Notes and references

    1 G. Maas, in Synthetic Application of 1,3-Dipolar CycloadditionChemistry toward Heterocycles and Natural Products, ed. A. Padwaand W. H. Pearson, John Wiley & Sons, Hoboken, NJ, 2003, ch. 8,pp. 539621.

    2 For selected examples, see: (a) K. V. Gothelf and K. A. Jrgensen,Chem. Rev., 1998, 98, 863; (b) G. A. Whitlock and E. M. Carreira,J. Org. Chem., 1997, 62, 7916; (c) E. Muray, A. Alvarez-Larena,J. F. Piniella, V. Branchadell and R. M. Ortuno, J. Org. Chem.,2000, 65, 388; (d) J. L. G. Ruano, M. T. Peromingo, M. Alonso,A. Fraile, M. R. Martn and A. Tito, J. Org. Chem., 2005, 70, 8942;

    (e) F. M. Guerra, M. R. Mish and E. M. Carreira,Org. Lett., 2000,2, 4265; (f) J. Barluenga, F. Fernandez-Mar, A. L. Viado,E. Aguilar, B. Olano, S. Garca-Granda and C. Moya-Rubiera,Chem.Eur. J., 1999, 5, 883.

    3 S. Kanemasa and T. Kanai, J. Am. Chem. Soc., 2000, 122, 10710.4 (a) T. Kano, T. Hashimoto and K. Maruoka, J. Am. Chem. Soc.,2006, 128, 2174; (b) T. Hashimoto and K. Maruoka, Org. Biomol.Chem., 2008, 6, 829.

    5 M. P. Sibi, L. M. Stanley and T. Soeta, Org. Lett., 2007, 9, 1553.6 (a) D. H. Ryu, G. Zhou and E. J. Corey, Org. Lett., 2005, 7, 1633;(b) D. H. Ryu, G. Zhou and E. J. Corey, J. Am. Chem. Soc., 2004,126, 4800; (c) D. H. Ryu and E. J. Corey, J. Am. Chem. Soc., 2003,125, 6388; (d) D. H. Ryu, T. W. Lee and E. J. Corey, J. Am. Chem.Soc., 2002, 124, 9992; (e) D. H. Ryu, K. H. Kim, J. Y. Sim andE. J. Corey, Tetrahedron Lett., 2007, 48, 5735; (f) M. Y. Lee,K. H. Kim, S. Jiang, Y. H. Jung, J. Y. Sim, G.-S. Hwang andD. H. Ryu, Tetrahedron Lett., 2008, 49, 1965; (g) J. Y. Sim,G.-S. Hwang, K. H. Kim, E. M. Ko and D. H. Ryu, Chem. Commun.,2007, 5064; (h) E. J. Corey, Angew. Chem., Int. Ed., 2009, 48, 2100.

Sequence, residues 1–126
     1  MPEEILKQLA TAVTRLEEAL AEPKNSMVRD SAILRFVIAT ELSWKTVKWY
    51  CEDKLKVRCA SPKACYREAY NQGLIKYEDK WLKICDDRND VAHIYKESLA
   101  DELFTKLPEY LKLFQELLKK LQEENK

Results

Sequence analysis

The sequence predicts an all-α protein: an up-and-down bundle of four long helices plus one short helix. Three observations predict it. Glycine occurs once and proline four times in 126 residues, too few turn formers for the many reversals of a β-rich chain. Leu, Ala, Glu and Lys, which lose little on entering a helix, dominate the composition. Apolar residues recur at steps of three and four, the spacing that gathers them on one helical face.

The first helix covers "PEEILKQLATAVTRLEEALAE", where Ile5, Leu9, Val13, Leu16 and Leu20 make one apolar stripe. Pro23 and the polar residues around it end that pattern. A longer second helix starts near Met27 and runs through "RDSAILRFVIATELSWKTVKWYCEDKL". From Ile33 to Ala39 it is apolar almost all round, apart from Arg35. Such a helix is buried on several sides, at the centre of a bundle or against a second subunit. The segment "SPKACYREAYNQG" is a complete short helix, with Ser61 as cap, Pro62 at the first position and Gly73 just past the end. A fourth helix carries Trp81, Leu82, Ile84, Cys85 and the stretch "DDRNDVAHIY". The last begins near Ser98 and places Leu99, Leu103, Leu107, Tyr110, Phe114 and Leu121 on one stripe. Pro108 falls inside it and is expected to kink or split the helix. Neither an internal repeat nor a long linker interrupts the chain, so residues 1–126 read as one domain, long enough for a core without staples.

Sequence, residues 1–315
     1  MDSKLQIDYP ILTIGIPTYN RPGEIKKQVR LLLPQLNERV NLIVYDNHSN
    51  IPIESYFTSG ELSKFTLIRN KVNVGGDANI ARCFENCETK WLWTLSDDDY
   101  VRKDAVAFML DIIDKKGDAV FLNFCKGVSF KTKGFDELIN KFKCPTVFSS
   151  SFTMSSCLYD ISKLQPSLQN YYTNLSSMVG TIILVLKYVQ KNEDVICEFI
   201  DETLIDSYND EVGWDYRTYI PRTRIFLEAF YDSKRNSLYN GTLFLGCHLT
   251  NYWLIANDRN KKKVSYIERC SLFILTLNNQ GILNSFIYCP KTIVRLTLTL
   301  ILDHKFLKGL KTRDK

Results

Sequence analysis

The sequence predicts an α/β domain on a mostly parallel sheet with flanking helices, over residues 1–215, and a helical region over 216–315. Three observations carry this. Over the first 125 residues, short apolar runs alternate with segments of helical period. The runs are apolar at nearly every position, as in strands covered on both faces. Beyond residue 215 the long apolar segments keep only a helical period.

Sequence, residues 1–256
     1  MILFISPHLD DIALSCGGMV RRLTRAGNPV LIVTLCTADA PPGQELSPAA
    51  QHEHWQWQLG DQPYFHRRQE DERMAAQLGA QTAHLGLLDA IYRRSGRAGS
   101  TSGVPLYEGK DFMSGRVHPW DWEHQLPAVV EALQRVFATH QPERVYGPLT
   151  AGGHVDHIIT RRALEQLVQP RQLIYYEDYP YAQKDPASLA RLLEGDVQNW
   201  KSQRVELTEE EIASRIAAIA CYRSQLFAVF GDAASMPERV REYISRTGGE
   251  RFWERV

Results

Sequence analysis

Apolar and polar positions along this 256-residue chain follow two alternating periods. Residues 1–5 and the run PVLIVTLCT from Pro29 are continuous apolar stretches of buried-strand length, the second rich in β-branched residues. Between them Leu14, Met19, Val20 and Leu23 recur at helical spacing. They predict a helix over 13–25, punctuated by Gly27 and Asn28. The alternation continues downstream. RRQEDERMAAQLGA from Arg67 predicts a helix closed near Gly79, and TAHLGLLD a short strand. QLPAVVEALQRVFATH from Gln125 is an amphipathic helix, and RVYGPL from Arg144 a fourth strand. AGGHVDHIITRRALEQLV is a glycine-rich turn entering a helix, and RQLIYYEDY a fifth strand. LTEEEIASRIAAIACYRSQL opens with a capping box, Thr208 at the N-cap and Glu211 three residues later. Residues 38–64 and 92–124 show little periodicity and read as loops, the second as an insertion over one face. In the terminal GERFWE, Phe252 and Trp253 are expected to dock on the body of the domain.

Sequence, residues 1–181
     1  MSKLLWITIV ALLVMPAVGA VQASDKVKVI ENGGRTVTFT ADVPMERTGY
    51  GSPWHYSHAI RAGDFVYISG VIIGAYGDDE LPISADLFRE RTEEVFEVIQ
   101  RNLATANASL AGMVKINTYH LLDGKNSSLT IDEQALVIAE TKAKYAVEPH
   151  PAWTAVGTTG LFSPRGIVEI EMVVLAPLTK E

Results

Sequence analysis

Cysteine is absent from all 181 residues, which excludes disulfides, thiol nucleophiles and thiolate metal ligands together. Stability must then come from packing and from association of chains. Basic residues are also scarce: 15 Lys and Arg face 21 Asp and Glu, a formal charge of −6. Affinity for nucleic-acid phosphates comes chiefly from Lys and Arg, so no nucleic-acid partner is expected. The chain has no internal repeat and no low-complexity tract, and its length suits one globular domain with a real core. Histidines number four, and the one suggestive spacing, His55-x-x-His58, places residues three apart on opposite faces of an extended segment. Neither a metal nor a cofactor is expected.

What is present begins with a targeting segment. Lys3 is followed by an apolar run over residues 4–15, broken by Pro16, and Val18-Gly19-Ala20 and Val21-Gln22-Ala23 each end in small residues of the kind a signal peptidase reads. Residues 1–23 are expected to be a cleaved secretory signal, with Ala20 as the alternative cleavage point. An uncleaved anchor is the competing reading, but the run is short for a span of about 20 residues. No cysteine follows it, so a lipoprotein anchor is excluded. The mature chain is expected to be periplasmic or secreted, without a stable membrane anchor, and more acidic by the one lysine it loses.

7 (a) D. H. Ryu and E. J. Corey, J. Am. Chem. Soc., 2004, 126, 8106;(b) D. H. Ryu and E. J. Corey, J. Am. Chem. Soc., 2005, 127, 5384.

    8 D. Liu, S. Hong and E. J. Corey, J. Am. Chem. Soc., 2006, 128,8160.

    9 B. K. Senapati, G.-S. Hwang, S. Lee and D. H. Ryu, Angew.Chem., Int. Ed., 2009, 48, 4398.

    10 (a) E. J. Corey and T. W. Lee, Chem. Commun., 2001, 1321;(b) E. J. Corey, T. Shibata and T. W. Lee, J. Am. Chem. Soc.,2002, 124, 3808; (c) Q.-Y. Hu, P. D. Rege and E. J. Corey, J. Am.Chem. Soc., 2004, 126, 5984; (d) Q.-Y. Hu, G. Zhou andE. J. Corey, J. Am. Chem. Soc., 2004, 126, 13708.

    11 (a) C. R. Holmquist and E. J. Roskamp, J. Org. Chem., 1989, 54,3258; (b) P. Phukan, J. M. Mohan and A. Sudalai, J. Chem. Soc.,Perkin Trans. 1, 1999, 3685.

    5462 | Chem. Commun., 2009, 54605462 This journal is c The Royal Society of Chemistry 2009